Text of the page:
KITTANNING – In her first weeks in office, Armstrong County’s newly elected district attorney is already making changes to improve the way the office operates.

District Attorney Katie Charlton, who previously served as an assistant DA under longtime District Attorney Scott Andreassi, asked the county’s salary board last week to consider replacing part-time assistant positions with a full-time assistant DA.

“I think that is the right thing for the county at this time,” Charlton last week told the salary board, which consists of commissioners Pat Fabian, Jason Renshaw and George Skamai, and controller Myra Miller.

Charlton explained that she looked at the DA offices in other sixth class counties similar to Armstrong, and found that only one other did not have a full-time assistant DA. She said that having someone on board all the time would help significantly with case management by keeping the same attorney working on cases from start to finish.

She also noted that the move would replace two part-time assistant positions, actually saving the county money. Fabian said the savings would be around $8,500 per year.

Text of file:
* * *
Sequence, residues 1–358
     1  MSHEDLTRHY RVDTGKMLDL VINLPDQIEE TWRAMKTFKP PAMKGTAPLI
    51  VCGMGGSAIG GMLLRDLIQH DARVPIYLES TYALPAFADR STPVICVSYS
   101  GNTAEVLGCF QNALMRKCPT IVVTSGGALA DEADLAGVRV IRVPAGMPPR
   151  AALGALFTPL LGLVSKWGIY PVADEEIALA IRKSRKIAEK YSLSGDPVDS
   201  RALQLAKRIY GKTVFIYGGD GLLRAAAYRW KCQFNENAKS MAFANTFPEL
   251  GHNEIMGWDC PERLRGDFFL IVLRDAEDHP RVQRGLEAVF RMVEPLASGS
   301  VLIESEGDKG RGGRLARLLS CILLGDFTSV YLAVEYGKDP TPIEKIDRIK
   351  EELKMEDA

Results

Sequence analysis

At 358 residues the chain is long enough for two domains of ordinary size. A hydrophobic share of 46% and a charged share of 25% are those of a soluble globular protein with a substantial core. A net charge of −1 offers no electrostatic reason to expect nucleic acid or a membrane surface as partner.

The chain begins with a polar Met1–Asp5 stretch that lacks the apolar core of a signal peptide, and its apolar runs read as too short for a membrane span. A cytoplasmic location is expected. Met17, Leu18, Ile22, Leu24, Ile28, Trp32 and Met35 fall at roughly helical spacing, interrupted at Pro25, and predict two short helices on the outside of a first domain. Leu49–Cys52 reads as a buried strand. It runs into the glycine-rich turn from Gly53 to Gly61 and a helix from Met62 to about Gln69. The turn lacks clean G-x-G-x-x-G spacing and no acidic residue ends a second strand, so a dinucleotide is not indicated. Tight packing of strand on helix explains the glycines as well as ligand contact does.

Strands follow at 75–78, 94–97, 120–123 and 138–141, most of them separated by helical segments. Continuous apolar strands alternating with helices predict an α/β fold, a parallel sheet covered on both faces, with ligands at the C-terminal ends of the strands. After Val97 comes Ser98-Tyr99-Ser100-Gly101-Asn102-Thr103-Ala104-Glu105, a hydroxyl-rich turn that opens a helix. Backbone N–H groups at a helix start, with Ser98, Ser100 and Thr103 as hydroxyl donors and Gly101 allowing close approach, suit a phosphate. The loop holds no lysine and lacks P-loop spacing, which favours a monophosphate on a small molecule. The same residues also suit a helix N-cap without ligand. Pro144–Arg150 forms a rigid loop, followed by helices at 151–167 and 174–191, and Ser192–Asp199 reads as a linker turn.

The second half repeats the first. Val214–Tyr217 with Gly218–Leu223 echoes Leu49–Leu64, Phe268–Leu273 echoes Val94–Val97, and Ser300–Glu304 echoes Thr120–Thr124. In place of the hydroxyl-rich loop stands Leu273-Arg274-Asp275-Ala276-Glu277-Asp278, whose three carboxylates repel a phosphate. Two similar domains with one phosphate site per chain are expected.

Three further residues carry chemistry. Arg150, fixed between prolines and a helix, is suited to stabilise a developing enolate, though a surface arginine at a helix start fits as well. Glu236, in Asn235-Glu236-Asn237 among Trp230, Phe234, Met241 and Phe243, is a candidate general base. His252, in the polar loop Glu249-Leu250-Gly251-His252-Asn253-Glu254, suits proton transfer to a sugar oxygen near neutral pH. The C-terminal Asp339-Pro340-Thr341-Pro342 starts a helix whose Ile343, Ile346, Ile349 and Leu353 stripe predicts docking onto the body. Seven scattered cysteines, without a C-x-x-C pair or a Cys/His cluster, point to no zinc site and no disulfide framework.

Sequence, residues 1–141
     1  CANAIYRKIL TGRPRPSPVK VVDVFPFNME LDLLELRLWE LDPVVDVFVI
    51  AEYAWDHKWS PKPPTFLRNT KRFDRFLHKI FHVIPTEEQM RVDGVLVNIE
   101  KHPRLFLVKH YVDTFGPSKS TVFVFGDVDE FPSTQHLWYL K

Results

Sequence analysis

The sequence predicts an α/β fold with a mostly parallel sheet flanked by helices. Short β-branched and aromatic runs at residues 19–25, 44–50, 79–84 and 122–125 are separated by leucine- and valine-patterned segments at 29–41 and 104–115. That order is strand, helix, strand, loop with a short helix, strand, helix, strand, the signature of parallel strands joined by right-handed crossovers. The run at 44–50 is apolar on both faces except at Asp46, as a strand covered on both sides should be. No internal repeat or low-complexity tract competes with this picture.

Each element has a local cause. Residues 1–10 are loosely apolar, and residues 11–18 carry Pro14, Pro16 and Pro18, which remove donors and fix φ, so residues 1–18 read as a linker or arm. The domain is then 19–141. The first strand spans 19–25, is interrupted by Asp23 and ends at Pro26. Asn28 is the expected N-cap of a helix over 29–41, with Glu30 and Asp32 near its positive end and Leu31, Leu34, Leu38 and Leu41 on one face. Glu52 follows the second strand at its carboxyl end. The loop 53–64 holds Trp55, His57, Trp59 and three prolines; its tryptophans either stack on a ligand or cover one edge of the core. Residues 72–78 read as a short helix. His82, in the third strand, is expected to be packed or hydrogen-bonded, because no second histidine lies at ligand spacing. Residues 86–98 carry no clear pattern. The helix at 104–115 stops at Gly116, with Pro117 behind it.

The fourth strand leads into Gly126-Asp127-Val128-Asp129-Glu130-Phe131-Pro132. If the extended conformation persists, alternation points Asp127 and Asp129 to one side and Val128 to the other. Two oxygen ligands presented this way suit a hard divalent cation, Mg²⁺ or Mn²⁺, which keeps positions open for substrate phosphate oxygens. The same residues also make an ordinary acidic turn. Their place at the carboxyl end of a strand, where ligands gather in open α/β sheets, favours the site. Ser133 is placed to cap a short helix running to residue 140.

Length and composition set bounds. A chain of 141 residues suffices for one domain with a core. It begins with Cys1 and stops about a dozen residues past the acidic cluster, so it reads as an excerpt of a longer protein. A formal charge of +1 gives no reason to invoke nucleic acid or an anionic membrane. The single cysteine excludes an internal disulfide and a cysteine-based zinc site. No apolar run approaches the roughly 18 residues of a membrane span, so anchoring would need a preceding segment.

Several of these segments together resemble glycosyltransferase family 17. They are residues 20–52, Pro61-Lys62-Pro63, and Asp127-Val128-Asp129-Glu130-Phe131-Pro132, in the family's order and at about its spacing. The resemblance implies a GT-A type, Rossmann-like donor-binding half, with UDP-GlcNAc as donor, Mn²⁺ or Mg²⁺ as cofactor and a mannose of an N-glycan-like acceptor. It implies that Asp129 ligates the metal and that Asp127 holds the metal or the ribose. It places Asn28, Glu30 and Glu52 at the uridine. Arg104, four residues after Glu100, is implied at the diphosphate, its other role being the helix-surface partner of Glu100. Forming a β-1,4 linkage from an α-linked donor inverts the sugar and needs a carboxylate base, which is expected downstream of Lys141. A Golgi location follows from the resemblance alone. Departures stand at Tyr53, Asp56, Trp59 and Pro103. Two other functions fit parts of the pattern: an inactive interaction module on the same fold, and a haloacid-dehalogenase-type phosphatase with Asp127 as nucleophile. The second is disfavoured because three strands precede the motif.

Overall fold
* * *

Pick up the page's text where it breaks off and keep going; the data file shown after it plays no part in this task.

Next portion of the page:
The office would be restructured to include the full-time assistant, and two other part-timers.

“We will have a consistency in the office,” she said.

After approving the creation of the new full-time position, the salary board went with Charlton’s recommendation to hire attorney Rebecca Lozzi for the position, with a starting salary of $56,000 per year.

Charlton said Lozzi has 19 years of experience as an attorney, serving for a time as a public defender in Butler County.

“I think she would be a fantastic addition,” Charlton said.

The salary board also took up the issue of on-call overtime for the county jail’s non-union employees.

During a discussion, the salary board made changes to a recommendation about on-call guidelines from the county’s prison board.

Salary board members said they did not favor including jail administrators or the jail’s counselor, only nurses and maintenance employees.

Rather than approving the guidelines with their changes, the salary board opted to send the changes back to the prison board for approval first.

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